South Africa: Public School No Place for Afrikaans-Only Policy
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Sat Jan 26 15:36:06 UTC 2008
Public School No Place for Afrikaans-Only Policy
Business Day (Johannesburg)
25 January 2008
Posted to the web 25 January 2008
By Sue Blaine
AFRIKAANS parents are going to have to establish private schools if
they want their children to learn in an Afrikaans-only environment.
What makes this clear is the dispute between the Mpumalanga education
department and the Ermelo High School governing body, which has
objected to the Afrikaans-medium school being forced to admit about
100 black Grade 8 pupils who want to be taught in English. Like the
Afrikaans-speaking parents whose children attend the school, many (but
by no means all) Afrikaners feel strongly that their children should
be taught in an Afrikaans-only school.
There is nothing wrong with this but no community can make this demand
of the education department when there are children who need places at
a public school and SA allows private education. South African society
is, slowly, becoming more racially integrated and -- sadly for
Afrikaans, a language I love -- many black parents want their children
to learn, and be taught, in English. They have that right. For myriad
reasons, some schools in SA have lost pupils and so have the capacity
to take on more. If there are children in the area who do not have a
school to go to, a public school that has extra pupil capacity cannot,
ethically, try to keep them out.
In the case of Ermelo High School, when the problem first reared its
head in February last year the school had capacity for 1200 pupils,
and had 589 enrolled . The other five ("black") schools in the circuit
had capacity for 3075 and had enrolled 3860. Ermelo High School argued
it was an Afrikaans-medium school, had the legal right to set its own
language policy and that there were very few Afrikaans-medium schools
left in Mpumalanga, or in SA. This is so, and the number of
Afrikaans-medium schools is falling, but for a public school to refuse
to admit children because of its language policy, even though the law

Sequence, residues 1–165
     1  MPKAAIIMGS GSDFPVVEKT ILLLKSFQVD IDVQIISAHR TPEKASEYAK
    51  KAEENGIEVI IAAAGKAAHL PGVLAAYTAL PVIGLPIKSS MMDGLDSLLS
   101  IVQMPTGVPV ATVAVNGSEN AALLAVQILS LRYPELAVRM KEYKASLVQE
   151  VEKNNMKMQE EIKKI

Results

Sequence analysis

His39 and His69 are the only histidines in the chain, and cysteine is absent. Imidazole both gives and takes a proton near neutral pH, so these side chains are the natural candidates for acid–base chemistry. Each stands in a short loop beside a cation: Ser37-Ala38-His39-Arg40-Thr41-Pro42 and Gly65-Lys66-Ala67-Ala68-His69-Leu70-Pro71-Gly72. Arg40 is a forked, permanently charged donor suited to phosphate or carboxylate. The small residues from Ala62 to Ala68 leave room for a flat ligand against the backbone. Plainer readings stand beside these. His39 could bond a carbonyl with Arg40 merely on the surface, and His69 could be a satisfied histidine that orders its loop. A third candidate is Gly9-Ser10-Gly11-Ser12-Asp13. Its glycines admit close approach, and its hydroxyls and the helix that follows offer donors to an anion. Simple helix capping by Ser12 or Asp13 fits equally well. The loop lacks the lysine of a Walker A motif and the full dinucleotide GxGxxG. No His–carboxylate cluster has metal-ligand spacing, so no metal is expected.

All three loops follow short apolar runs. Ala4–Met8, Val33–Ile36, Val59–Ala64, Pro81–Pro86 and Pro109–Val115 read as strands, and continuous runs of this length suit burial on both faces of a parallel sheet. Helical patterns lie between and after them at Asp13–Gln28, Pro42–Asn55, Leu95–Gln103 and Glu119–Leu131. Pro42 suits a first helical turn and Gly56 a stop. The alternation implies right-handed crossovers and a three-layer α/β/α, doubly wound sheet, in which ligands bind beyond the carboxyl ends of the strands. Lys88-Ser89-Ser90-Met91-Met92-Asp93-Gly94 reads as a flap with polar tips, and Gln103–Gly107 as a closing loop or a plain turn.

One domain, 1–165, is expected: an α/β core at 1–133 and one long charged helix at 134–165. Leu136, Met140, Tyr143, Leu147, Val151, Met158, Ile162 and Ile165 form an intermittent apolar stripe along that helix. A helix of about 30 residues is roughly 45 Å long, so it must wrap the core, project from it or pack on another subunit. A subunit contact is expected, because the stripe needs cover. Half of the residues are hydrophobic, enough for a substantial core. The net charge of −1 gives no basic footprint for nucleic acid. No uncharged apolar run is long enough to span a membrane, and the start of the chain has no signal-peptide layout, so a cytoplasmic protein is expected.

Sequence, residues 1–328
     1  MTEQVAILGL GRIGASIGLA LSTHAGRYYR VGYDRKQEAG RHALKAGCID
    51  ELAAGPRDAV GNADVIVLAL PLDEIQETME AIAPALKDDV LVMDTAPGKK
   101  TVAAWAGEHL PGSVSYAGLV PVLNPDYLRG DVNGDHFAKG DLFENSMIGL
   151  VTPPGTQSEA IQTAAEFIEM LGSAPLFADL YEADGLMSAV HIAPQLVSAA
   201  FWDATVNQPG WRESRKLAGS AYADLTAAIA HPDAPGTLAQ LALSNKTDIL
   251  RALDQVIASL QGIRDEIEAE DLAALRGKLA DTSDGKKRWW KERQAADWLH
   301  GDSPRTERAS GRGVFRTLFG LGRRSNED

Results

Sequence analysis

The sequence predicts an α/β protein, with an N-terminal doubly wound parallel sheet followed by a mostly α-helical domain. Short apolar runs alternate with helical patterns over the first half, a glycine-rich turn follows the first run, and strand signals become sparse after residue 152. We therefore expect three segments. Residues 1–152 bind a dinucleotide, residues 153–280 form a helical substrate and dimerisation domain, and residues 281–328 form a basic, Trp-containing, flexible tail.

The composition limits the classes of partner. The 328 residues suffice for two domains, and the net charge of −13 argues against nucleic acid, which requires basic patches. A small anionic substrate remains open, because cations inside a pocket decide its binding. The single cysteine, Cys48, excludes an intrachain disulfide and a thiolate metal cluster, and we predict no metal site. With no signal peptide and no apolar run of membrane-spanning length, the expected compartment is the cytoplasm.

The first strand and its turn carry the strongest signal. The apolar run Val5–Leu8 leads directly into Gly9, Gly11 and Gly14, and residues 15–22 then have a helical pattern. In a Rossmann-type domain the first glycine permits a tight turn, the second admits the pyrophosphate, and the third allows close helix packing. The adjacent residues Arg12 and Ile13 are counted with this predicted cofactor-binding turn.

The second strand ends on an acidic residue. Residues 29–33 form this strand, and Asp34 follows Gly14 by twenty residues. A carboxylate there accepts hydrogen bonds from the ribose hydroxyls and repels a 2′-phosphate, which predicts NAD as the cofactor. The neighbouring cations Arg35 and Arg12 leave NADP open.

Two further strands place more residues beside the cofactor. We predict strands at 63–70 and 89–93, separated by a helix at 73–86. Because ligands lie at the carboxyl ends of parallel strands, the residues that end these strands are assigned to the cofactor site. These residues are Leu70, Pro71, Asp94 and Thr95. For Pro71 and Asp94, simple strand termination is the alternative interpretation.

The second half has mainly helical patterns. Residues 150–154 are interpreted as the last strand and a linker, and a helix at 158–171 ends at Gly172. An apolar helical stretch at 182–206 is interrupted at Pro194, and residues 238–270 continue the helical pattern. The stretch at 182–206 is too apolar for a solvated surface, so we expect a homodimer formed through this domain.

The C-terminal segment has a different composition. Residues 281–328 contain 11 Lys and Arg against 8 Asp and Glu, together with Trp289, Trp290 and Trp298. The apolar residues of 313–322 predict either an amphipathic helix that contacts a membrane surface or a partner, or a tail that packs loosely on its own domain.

gives school governing bodies the right to set that policy, is simply
not morally correct. There is much more to the Ermelo High School
argument than this , but setting aside whatever else has gone into the
fight, public schools have no business excluding those who have no
other place to go.
Public schools belong to all South Africans, no matter what language
they speak, and if there is no other school in the area -- something
which, in the Ermelo High School case, has been confirmed by a full
high court bench -- then the school must change its language policy.
In the same way, Afrikaans-speaking children would need to be
accommodated by an English-speaking school if those kids had no other
place to go. I can understand that this is hard to swallow, and I
understand that parents want their children to grow up in a particular
environment that they have chosen for them. That is any parent's
right, but changing a public school's language policy to accommodate
children who do not have a school to go to does not remove parents'
right to choose.
Some have argued that the government is trying to "kill" Afrikaans. I
am not convinced of this. I am pretty sure that in some areas of Free
State there are children whose home language is Sotho or another
African language, but who would be perfectly happy to attend an
Afrikaans-medium school and learn in Afrikaans because that is the
"white" language they and their families know best. Different
communities have long voted with their feet and established private
schools to suit their particular needs: Johannesburg's Greek community
has Saheti , the Jewish community has its own schools and there is a
smorgasbord of Christian schools.
Most of these schools are expensive, but not all private schools in SA
are -- in July 2005 the Independent Schools Association of SA had 498
schools on its books, just under 20 of which charged less than R3750 a
year, and about 130 of which charged between R8500 and R15500 a year,
which is pretty much the same as a good former Model C school.
Establishing a private school is not easy but it can be done, and if
Afrikaans-speaking parents really want their children to learn in an
Afrikaans-only environment, they should at least investigate this
Blaine is education correspondent.
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